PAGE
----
One of my favorite things about putting this newsletter together is hearing from loyal readers who have taken a break for a while and then come back. Last week’s issue , one of the most popular in Highlighter history, elicited many kind words and well wishes – for which I am very grateful. I d
One of my favorite things about putting this newsletter together is hearing from loyal readers who have taken a break for a while and then come back. Last week’s issue, one of the most popular in Highlighter history, elicited many kind words and well wishes – for which I am very grateful. I don’t thank you often enough for being part of this reading community. Nearly seven years in, I’m appreciative every day.
This week’s issue includes four outstanding articles focusing on the expansion of gun rights, the long-term effects of school shootings, the importance of accepting death, and the reminder that beauty is right in front of us. If you have time to read just one article, I recommend “Children In The Garden.” What begins as a piece on endurance running develops into a meditation on joy and play and wonder and being a kid.
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Michael Cargill lives in Texas and believes in the Second Amendment. He’s a military veteran, a firearms instructor, and a gun shop owner. He’s also Black and gay. While he fights for the right to bear arms, and appreciates that more Americans are becoming first-time gun owners, Mr. Cargill does not endorse the latest trend among gun proponents: unrestricted permitless carry, now legal in 21 states.
In this well-researched article, Rachel Monroe charts how open carry, mostly nonexistent until the 1980s, has gained popularity as a result of racist fears of urban crime, the Obama presidency, and the pandemic. She also explains why state lawmakers in conservative states feel emboldened (and sometimes compelled) to pass lenient gun laws, when their constituents would prefer stricter regulations. (25 min)
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+ Ms. Monroe also wrote this great piece on van life back in 2017.
In the 1980s and 1990s, decades before school shootings became commonplace (there have been 96 since 2018), young survivors received little mental health treatment. Most suppressed their feelings, soothed with drugs, formed informal therapy groups, and felt guilty to seek therapy, because they suffered less than their friends. Now in their 30s and 40s, they’re coming to terms with their PTSD and deciding what to tell their own children about their experiences, if anything at all. (22 min)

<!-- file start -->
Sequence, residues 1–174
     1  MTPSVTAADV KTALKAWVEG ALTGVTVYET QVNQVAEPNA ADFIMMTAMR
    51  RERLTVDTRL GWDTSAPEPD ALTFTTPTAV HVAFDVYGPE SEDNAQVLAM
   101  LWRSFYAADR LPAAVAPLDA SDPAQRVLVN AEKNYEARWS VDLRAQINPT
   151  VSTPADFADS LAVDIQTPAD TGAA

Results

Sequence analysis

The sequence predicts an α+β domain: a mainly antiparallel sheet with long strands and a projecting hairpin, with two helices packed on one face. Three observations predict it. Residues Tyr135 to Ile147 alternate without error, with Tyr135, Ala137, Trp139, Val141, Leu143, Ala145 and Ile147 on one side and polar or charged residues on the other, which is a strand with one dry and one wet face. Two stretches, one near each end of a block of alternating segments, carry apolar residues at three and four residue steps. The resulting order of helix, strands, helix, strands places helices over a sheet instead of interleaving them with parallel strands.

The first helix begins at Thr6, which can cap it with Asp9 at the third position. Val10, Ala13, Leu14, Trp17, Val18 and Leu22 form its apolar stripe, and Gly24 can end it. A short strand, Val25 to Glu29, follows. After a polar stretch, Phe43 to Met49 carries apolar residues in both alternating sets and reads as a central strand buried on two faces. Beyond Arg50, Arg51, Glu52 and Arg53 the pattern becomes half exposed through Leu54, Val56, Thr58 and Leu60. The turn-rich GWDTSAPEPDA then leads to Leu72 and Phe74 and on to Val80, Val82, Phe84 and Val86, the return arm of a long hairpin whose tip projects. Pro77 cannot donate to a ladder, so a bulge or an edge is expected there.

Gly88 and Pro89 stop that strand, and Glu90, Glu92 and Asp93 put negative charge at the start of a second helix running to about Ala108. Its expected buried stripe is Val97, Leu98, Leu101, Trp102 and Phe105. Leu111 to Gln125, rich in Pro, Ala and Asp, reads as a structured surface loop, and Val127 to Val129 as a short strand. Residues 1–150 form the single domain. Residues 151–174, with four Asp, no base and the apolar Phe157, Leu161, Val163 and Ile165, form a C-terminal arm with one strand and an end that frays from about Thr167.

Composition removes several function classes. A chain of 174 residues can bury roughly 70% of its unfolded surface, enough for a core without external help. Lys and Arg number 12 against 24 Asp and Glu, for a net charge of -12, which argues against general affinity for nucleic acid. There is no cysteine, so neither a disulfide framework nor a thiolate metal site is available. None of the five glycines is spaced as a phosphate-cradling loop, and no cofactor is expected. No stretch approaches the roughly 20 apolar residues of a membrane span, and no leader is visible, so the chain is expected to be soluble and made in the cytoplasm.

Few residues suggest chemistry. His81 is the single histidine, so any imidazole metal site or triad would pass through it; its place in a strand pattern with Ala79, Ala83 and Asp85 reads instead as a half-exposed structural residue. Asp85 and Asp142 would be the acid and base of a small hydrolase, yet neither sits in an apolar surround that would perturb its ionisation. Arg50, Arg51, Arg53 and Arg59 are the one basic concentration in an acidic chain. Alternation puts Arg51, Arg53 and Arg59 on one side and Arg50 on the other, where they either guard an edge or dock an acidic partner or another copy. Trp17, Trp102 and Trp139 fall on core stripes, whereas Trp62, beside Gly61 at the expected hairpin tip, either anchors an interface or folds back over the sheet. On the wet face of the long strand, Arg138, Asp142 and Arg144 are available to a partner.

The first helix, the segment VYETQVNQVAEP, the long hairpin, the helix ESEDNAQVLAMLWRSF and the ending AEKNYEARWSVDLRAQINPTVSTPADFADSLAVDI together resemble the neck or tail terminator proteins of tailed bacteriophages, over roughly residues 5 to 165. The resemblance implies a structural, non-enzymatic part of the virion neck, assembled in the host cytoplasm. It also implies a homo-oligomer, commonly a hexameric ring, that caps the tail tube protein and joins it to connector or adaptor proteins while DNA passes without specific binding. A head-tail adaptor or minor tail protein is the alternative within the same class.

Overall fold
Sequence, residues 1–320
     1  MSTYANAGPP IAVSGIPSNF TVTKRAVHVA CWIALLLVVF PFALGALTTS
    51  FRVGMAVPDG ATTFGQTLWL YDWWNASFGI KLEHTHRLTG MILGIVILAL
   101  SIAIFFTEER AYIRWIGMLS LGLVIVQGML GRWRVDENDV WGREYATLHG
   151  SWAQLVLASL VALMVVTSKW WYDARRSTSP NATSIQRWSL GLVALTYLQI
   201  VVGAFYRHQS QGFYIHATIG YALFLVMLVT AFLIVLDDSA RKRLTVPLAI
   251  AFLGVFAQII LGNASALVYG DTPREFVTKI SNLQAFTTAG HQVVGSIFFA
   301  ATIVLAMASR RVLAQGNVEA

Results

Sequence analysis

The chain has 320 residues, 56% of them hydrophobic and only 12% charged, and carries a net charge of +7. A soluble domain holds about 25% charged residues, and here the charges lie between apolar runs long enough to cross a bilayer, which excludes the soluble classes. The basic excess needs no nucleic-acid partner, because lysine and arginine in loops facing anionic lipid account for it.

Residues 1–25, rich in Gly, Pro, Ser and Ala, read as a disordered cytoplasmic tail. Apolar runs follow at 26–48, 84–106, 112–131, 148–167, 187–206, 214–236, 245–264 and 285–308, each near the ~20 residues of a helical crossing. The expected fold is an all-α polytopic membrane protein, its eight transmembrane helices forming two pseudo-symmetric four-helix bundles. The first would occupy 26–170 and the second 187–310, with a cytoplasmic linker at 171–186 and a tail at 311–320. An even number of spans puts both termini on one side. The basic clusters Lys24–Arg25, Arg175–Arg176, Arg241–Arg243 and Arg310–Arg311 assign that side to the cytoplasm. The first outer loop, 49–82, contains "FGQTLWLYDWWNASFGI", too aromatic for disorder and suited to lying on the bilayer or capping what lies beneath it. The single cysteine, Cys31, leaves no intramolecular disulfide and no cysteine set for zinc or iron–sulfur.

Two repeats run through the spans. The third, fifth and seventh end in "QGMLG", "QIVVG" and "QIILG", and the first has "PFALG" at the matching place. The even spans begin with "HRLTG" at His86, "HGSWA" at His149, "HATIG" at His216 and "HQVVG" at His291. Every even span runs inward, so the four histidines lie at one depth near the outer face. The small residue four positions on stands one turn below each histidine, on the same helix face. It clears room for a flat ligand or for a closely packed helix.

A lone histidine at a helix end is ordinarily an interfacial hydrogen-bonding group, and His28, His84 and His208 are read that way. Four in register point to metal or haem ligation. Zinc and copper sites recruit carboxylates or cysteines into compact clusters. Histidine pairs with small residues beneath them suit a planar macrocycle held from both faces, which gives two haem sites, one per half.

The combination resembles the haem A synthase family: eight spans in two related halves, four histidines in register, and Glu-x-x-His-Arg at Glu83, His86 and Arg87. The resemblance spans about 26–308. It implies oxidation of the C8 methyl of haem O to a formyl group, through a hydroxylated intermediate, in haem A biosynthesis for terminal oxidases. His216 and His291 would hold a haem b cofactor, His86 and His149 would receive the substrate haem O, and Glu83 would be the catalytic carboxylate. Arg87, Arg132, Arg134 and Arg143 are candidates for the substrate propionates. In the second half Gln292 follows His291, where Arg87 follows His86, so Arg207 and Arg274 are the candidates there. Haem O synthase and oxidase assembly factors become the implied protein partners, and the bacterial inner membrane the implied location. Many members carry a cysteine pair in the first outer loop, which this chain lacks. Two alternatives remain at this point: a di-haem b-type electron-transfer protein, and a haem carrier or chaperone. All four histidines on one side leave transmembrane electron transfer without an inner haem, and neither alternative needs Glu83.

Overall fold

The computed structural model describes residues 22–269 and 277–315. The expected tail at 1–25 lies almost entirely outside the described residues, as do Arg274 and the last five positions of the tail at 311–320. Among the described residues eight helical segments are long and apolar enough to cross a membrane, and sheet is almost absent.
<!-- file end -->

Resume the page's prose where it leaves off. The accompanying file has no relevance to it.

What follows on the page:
Our problem as humans, Melanie Challenger argues in this thoughtful essay, is that we deperately want to avoid death. She reminds us, “Everything that we have cherished, each hope or triumph, however small or glorious, will be gone. And so, too, will the unique form of our bodies. Our smiles and the cut of our buttocks, our hips and the hue of our eyes—all will one day be swallowed back into the immensity of the cosmos.” If we accept death and spend less time convincing ourselves that we are exceptional, somehow superior to animals, then we’ll love ourselves and each other more, offering us a better chance to construct a healthier world for future generations. (16 min)
Even if you’re not a distance runner, you’ll appreciate this profile of the Sri Chinmoy Self-Transcendence 3,100 Mile Race, in which participants run around a half-mile block in Jamaica, Queens, over and over, for 52 days. In this beautifully written piece, Devin Kelly starts with running and extrapolates to the philosophical and existential: What is beauty and what is joy in our pandemic world? He writes, “I think we often chase epiphany, despite the fact that, at all times, the possibility of epiphany is right here, exactly where we are. The word itself has nothing to do with how it is commonly portrayed, which is that epiphany occurs out of nowhere, as if what is surprising someone didn’t exist before the moment of their surprise. In reality, the idea of epiphany has to do with seeing things exactly as they are.” (33 min)
+ Reader Annotations: Last week’s lead article, “My Penis, Myself” was immensely popular and resonated with many of you. And several of you shared your reactions upon seeing the subject line in your inboxes. Loyal reader Eunice, who was substituting for a third grade teacher at a small school in rural Michigan, needed to email a writing assignment to the secretary to print. She wrote, “I had the computer up for a previous impromptu addition to the class conversation and didn’t realize my email headers would be so titillating. Thanks for the excitement and forcing a quick browser close.” I’m pleased that you still have your job, Eunice!
In addition, I’d like to thank loyal reader Albina, who sent this delightful and heartwarming comment my way:
I am a recent subscriber and my inbox definitely did not need another newsletter subscription, so I have been unsubscribing from a ton of newsletters that I find are just “noise.” Yours however is one I really enjoy! I’ll admit I don’t always have the time to read all of the articles you recommend, but reading your summaries alone feels like a kind point in the right direction :-) Thank you a lot!
Thank you for being wonderful, Albina – and don’t worry, you’re not alone. Even though I highly encourage everyone to read every single article (because they’re so good!), many loyal readers tell me they’re most passionate about the blurbs.
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